I started with Destiny 2 to test HDR performance, which has become my litmus test with its eye-scorching contrast. And it looked great. HDR monitors have been lagging behind TVs for a while, and the InZone M9 is finally raising the bar. Due to the 96 dimming zones, you get much higher contrast in games like Destiny 2 without seeing individual parts of the monitor adjust how bright they are.

Destiny 2 on the Sony InZone M9 gaming monitor.
Jacob Roach / Pro Well Tech

HDR gaming is great, easily the best experience on PC you’ll find for $900 (at least at this resolution). PS5 is even better due to the automatic tone mapping. I played through some of Tales of Arise and Returnal, both of which looked fantastic. Tales really shined with its watercolor-esque art, as the tone mapping and local dimming squeezed out hidden areas of contrast I never paid any mind to.

Gaming performance

Tales of Arise on the Sony InZone M9 gaming monitor.
Jacob Roach / Pro Well Tech

Gaming is a treat on the M9, especially if you have a PC and PS5. I had both hooked up, and I swapped back and forth between my machines instantly thanks to the deep integration the M9 has with Sony’s hardware. The console picked up the M9 right away and optimized the PS5 picture settings, and all I had to do was tickle the brightness slider to get a fantastic image. This is Sony taking advantage of its gaming ecosystem.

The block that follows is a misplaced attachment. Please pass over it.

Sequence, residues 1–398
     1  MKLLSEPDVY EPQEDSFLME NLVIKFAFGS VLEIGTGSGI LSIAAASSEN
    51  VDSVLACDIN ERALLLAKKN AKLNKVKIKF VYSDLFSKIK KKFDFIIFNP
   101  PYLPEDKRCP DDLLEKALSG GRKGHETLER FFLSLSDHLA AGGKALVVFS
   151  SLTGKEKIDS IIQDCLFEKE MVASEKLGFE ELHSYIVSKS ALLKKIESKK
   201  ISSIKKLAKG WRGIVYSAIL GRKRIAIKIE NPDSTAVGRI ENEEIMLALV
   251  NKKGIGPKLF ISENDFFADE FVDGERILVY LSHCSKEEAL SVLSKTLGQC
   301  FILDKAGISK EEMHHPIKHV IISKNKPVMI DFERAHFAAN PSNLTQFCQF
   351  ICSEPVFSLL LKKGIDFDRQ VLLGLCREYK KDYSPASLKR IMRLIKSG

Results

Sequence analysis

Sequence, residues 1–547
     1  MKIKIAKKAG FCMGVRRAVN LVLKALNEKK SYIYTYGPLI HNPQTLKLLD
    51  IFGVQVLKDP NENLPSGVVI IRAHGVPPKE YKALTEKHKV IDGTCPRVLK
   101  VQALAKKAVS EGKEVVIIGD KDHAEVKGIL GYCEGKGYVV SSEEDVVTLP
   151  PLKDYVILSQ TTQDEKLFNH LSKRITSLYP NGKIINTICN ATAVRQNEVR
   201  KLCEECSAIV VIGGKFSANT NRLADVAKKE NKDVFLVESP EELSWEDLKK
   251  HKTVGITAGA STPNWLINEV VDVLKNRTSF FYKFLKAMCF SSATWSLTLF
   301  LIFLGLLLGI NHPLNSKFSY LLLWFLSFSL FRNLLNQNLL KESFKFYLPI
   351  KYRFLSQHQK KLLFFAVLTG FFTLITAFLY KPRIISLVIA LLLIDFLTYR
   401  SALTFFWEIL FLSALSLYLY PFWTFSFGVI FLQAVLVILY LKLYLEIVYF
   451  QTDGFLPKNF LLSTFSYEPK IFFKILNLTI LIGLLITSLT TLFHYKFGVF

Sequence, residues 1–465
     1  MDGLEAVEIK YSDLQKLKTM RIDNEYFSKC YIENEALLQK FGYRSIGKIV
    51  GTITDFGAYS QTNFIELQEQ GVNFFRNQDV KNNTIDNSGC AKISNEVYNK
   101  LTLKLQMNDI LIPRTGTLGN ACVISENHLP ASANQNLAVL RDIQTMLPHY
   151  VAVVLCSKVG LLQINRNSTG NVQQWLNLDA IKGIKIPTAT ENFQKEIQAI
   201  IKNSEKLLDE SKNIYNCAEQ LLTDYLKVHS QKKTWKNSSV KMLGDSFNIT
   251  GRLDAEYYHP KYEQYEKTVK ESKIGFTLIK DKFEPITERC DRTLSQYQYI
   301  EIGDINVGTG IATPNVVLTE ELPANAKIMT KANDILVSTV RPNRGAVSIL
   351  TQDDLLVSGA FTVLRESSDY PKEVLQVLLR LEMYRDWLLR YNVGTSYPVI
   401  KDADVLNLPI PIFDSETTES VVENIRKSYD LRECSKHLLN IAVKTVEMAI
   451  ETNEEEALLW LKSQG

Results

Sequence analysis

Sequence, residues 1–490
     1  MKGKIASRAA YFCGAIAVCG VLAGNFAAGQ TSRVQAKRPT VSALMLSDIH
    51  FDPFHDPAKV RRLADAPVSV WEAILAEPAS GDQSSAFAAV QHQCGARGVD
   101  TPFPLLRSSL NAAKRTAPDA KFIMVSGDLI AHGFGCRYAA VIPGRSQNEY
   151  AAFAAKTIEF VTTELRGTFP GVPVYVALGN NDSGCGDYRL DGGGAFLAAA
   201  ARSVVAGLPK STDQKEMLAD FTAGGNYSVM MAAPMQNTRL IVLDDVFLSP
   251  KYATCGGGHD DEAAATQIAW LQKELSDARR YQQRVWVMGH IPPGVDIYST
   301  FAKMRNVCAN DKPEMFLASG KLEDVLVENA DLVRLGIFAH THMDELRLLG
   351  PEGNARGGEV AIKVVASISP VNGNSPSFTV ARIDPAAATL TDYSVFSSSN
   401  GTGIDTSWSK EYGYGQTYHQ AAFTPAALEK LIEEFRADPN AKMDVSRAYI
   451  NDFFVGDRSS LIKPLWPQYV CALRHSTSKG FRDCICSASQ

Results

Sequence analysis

For raw gaming features, the monitor support variable refresh rate (VRR) and goes up to 144Hz. It’s G-Sync Compatible, which means VRR works across Nvidia and AMD GPUs, and the PS5 automatically turned on VRR in the settings once I hooked the monitor up.

I used the M9 as my primary gaming monitor for just over a week, trying everything from Destiny 2 to Tale of Arise to Neon White — whatever I happened to be playing at the time. And it’s fantastic. Even with HDR turned off, the local dimming offers a nice bump in contrast to some PC games, and the always-on HDR on the PS5 takes the local dimming nicely.

The PlayStation Store on the Sony InZone M9.
Jacob Roach / Pro Well Tech

VRR support and a 144Hz refresh rate take the M9 outside of Sony’s console, too (though, you’ll need one of the best graphics cards to drive those frame rates at 4K). The only minor issue is some ghosting at high overdrive levels. The M9 allows you to lower the response time with overdrive, and as these settings typically do, there was some ghosting behind moving objects. It was far from a problem, though, and the monitor defaults to having overdrive turned off.